A stunning nighttime satellite image of Mecca taken by a Russian astronaut A stunning nighttime satellite image of Mecca taken by a Russian astronaut

A stunning nighttime satellite image of Mecca taken by a Russian astronaut

A stunning nighttime satellite image of Mecca taken by a Russian astronaut

The head of the Russian astronaut team and TASS correspondent, Oleg Kononenko, took a night photograph of Mecca from aboard the International Space Station.

Head of the Russian cosmonaut team, "second in the world" in terms of the total time of his space flights
Kononenko said in a statement to the Russian "TASS" agency: "I captured a view of Mecca on the night of January 23, 2024."

It is noteworthy that Oleg Kononenko, who represents the Russian TASS agency on board the International Space Station, had previously taken night photographs of Russian cities, namely Moscow, Orenburg, Saratov, and Grozny. Yesterday, the Russian astronaut photographed Mecca from space at night.


Announcing the "Doomsday Clock" for the year 2024!

Scientists set a symbolic 'doomsday clock' at 90 seconds to midnight on Tuesday, reflecting the existential threats to humanity posed by conflict and the effects of the climate crisis.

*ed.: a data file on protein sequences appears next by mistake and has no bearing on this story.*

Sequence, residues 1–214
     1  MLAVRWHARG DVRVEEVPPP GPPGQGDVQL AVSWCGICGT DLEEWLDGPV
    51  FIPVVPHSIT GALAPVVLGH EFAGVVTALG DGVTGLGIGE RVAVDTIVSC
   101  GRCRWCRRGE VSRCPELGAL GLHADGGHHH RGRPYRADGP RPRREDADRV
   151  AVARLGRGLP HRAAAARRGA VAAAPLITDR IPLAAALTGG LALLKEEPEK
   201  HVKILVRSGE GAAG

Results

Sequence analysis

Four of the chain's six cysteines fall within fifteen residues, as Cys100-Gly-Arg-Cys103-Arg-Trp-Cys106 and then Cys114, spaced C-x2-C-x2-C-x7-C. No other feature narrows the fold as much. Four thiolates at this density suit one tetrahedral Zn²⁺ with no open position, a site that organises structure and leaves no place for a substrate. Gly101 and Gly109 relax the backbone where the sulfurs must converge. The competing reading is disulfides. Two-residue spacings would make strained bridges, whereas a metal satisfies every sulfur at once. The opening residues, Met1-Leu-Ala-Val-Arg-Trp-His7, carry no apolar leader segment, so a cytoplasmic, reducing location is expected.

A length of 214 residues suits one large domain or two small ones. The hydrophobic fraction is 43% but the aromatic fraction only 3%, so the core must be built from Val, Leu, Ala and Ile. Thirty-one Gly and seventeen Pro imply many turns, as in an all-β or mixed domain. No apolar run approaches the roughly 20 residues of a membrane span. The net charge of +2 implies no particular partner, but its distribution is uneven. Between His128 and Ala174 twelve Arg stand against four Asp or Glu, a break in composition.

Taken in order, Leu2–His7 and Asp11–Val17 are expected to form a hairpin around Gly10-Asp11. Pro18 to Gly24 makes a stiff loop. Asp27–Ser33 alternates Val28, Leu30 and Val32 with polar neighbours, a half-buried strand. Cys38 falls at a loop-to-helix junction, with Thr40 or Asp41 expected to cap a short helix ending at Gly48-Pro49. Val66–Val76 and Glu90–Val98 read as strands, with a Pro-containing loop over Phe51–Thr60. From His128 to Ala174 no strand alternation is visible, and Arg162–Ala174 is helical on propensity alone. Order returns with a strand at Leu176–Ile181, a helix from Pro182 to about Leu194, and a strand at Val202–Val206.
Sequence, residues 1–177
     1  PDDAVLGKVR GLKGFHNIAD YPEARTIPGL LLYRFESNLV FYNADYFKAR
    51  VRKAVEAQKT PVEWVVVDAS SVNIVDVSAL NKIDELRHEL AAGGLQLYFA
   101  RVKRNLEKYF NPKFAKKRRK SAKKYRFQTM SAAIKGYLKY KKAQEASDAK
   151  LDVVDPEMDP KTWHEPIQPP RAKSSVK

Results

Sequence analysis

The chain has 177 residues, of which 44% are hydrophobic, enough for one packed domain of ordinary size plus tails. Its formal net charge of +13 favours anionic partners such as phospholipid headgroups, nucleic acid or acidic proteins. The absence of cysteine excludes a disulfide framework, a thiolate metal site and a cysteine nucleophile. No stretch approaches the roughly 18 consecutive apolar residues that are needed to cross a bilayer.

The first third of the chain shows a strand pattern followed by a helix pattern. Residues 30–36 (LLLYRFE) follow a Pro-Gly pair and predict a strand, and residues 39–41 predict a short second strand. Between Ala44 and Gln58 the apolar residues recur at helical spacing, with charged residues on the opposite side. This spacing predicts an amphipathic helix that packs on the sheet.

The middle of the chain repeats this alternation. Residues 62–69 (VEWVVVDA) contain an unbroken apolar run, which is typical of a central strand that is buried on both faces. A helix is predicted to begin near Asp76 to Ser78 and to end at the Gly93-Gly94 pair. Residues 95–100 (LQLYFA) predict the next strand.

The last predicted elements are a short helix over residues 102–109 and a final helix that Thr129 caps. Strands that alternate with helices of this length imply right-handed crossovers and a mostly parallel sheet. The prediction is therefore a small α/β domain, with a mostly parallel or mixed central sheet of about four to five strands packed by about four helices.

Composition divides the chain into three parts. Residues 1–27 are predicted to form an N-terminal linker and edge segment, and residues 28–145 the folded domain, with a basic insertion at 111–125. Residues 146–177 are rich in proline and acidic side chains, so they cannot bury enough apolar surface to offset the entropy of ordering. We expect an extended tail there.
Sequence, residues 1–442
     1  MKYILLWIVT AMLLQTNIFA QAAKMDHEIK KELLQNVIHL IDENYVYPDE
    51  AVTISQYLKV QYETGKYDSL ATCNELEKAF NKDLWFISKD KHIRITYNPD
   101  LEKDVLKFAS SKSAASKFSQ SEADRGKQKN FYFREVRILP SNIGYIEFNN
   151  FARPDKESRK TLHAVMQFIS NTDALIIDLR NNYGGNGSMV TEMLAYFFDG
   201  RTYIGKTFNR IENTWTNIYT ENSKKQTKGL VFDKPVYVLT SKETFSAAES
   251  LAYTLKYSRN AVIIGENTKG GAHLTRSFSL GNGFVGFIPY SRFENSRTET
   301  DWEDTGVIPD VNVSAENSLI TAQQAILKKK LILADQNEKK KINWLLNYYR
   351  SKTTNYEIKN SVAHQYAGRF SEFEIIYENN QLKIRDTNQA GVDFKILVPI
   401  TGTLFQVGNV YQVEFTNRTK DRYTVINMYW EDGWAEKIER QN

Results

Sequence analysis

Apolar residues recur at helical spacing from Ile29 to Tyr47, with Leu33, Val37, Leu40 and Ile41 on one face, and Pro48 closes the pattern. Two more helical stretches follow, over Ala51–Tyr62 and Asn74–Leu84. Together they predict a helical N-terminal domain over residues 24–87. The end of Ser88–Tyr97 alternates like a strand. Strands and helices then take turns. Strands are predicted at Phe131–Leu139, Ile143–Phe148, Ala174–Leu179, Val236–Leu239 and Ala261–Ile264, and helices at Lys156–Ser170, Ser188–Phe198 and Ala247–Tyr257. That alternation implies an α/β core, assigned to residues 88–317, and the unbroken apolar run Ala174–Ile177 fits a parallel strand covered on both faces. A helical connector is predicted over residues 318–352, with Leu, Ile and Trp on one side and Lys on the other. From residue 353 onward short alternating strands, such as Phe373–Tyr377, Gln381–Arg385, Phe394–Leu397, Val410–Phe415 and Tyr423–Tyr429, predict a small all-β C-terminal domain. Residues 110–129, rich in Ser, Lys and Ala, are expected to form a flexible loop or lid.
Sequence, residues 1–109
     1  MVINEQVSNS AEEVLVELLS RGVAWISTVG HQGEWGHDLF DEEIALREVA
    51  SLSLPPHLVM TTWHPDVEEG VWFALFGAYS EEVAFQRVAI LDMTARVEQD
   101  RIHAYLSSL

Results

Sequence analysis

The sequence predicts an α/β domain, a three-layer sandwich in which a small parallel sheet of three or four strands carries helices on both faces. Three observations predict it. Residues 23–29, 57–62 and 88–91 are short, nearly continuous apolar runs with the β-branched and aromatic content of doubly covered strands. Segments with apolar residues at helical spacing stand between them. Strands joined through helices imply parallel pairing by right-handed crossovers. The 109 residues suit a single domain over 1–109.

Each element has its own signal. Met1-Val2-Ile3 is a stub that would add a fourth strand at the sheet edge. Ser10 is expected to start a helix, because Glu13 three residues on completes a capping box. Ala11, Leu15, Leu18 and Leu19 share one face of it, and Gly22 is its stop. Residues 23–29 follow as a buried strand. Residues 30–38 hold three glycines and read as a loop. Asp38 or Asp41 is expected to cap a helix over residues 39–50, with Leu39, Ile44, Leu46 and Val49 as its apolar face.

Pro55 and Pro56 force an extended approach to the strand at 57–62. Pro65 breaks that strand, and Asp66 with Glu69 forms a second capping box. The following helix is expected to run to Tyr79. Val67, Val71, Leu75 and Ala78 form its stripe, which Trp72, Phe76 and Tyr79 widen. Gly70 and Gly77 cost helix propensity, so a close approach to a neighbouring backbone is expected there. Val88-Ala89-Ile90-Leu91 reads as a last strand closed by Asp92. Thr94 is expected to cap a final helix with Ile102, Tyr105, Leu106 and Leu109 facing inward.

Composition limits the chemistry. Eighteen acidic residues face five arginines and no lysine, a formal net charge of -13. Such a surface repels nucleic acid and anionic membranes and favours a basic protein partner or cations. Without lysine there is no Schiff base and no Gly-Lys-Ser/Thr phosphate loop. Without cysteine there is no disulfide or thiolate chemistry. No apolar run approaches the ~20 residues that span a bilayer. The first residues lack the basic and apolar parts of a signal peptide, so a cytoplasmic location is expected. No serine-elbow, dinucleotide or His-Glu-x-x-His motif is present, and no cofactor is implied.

The clock time, set by leading scientists and security experts, remains the same as it was last year and is the closest to midnight in its history spanning more than 75 years.

“Trends continue to point ominously toward global catastrophe,” said Rachel Bronson, president and CEO of the Bulletin of Atomic Scientists.

Rather than abandoning nuclear weapons, countries that possess them are modernizing their arsenals, while massive floods, fires and other climate disasters have threatened the lives and livelihoods of billions of people in a year of record-breaking temperatures due to humanity's reluctance to transition away from fossil fuels.

“Biological research aimed at preventing future pandemics has proven its benefits, but it also carries risks of causing them,” Bronson said, while recent developments in artificial intelligence (AI) raise questions about how to control technology that “could improve or threaten.” civilization in the world.

There is a “mixed story on climate,” said Ambuj Sagar, a professor at the Indian Institute of Technology in Delhi, praising the $1.7 trillion investment in clean energy at the Dubai climate conference as a sign of movement in the right direction, albeit not as quickly or as deeply as required.

The clock was originally set to seven minutes to midnight in 1947.

The publication was founded in 1945 by Albert Einstein, J. Robert Oppenheimer and other scientists who worked on the Manhattan Project, which produced the first nuclear weapons. The idea of ​​the clock, which symbolizes global vulnerability to disasters, appeared two years later.

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